So, today, as moody as I'm not, I can't avoid the fact that my feelings haven't changed much: I still don't like the fact that I speak a different language than my daughter speaks with me. During the most trying of moments, and even the most endearing ones, it's like being in different worlds, and when I go anywhere near the idea that I might have to "endure" this forever, I instantly want to give up. Thus, when my emotional plate has room to spare, I can easily avoid those 'dangerous' thoughts, and do my best to live in the now, and focus on the connection we do have as opposed to the common language we don't.

Over the past week, I've been trying a myriad of ways to get her to speak German--the way that's been working the best has been to ask her tons of either/or questions. Today, for example, she wanted to read the Opposites book by Boynton. In the past, I've been unwilling to read 'Dada-books', and have steered her towards 'Mama-Buecher' in German. But lately, I've backed off of my stringency, and have taken the opportunity to expand our repertoire (and my creativity). So, as we were reading that Dada-book tonight, our interaction went a lot like this:

Mama: Der Elefant ist schwer. Der Hase ist leicht. Ist der Elefant leicht oder schwer? [The elephant is heavy. The rabbit is light. Is the elephant light or heavy?]
Kaya: schwer.[heavy]
Mama: (pointing to the animals on the page...) Schnell. Langsam. Ist der Hund schnell oder langsam? [Fast. Slow. Is the dog fast or slow?]
Kaya: schnell! [fast!]
Mama: Ist die Schnecke langsam oder schnell. [Is the snail slow or fast?]
Kaya: (pause) langsam. [slow]

It's getting easier for me to think like this while I'm reading her books...esp. the picture books with one or two words per page. But in real life, at the breakfast table for example, it's a lot more challenging (and draining!) to figure out how to word most of my interactions as either/or questions, or as informational questions that she'll answer with words that tend to be buzz words for her in German. And then I find myself even questioning how natural that is, and if I'm doing us a disservice by trying so frickin' hard to get the German to flow. Here's a pretty typical conversation at the breakfast table between us:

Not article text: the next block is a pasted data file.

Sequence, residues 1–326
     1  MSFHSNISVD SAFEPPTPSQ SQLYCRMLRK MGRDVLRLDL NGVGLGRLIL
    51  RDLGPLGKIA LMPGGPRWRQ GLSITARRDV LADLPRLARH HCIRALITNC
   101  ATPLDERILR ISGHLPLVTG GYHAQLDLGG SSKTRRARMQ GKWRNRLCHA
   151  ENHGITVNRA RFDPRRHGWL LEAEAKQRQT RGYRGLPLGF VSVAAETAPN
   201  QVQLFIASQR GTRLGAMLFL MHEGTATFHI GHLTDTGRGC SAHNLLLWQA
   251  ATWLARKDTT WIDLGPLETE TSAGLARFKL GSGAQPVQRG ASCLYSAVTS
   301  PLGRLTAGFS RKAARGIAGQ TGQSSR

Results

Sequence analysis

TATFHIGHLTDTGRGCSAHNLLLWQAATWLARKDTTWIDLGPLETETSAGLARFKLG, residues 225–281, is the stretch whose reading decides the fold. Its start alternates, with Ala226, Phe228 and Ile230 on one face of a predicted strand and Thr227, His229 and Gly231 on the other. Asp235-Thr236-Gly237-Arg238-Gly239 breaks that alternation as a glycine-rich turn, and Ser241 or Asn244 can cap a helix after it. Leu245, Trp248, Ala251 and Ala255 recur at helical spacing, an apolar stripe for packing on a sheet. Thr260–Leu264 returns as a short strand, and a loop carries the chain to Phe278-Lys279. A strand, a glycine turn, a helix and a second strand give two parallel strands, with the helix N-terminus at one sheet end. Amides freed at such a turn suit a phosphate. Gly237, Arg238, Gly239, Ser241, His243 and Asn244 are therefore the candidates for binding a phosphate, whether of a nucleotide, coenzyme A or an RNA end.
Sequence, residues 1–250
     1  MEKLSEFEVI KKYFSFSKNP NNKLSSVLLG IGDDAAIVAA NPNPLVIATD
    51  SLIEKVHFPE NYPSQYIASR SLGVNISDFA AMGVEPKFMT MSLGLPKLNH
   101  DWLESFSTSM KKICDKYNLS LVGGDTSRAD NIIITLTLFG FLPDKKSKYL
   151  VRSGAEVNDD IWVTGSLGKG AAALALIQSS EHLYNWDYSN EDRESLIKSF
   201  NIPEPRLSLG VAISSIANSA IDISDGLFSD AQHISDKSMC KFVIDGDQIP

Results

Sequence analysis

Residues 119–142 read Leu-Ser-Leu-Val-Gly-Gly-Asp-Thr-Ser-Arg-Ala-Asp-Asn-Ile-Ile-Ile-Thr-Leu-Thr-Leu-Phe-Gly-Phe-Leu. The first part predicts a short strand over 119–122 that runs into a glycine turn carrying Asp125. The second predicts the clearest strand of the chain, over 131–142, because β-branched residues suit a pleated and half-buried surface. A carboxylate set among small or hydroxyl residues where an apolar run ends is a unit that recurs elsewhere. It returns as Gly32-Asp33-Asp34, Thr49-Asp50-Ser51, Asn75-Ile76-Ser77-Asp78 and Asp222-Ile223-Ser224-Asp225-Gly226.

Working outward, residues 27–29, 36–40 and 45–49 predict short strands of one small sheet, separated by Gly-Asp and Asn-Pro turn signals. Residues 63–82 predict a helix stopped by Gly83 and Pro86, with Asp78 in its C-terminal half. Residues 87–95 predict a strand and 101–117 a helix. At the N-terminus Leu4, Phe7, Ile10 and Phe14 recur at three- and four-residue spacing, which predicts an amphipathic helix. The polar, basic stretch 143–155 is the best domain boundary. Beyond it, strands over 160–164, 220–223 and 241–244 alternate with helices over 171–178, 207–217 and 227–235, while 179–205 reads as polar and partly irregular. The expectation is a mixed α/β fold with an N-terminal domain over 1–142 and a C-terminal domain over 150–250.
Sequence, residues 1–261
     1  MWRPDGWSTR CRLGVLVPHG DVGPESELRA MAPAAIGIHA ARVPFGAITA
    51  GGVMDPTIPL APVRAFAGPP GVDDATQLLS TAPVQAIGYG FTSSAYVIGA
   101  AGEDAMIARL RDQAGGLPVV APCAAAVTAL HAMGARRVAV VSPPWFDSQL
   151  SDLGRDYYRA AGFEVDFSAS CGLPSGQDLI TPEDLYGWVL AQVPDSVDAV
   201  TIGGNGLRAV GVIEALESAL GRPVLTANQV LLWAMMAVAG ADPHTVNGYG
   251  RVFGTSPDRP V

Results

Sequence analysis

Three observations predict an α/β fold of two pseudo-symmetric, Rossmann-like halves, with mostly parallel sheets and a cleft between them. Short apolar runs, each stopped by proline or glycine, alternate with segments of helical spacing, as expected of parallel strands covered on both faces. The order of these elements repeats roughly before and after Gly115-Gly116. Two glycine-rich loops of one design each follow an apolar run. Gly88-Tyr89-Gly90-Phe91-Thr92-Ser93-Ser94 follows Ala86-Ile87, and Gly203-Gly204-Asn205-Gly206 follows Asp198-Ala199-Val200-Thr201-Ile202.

Willst du yogurt? [do you want yogurt?]
Ja!! [yeah!]
Was willst du drauf? [What do you want on it?]
Weizenkerne. [wheat germ]
Ok. Was noch? [ok. What else?]
Flax Oel. [Flax oil]
Ok. Noch was? [ok. Anything else?]
Ja. Apfelmuss, und Hefe! [Yeah, apple sauce and brewer's yeast!]
Ok, lecker. [oh yummy] (p.s. I don't really think brewer's yeast is yummy, though she does!)
Willst du auch Cheerios dazu. [Do you want Cheerios with that?]
Ja! [yeah!]

(I know, I can't believe it, either, that my kid chooses to eat wheat germ, brewer's yeast and flax oil on her's a left-over habit from Super Baby Food and I'm lovin' it!!)

There are still a few life situations, like breakfast and riding the bus, where Kaya has a number of German buzz-phrases:

Sie steigen aus. [They're getting off]
Er steigt ein. [He's getting on.]
Wir fahren mit dem Bus. [We're riding the bus.]
Bus fahren. [Riding the bus]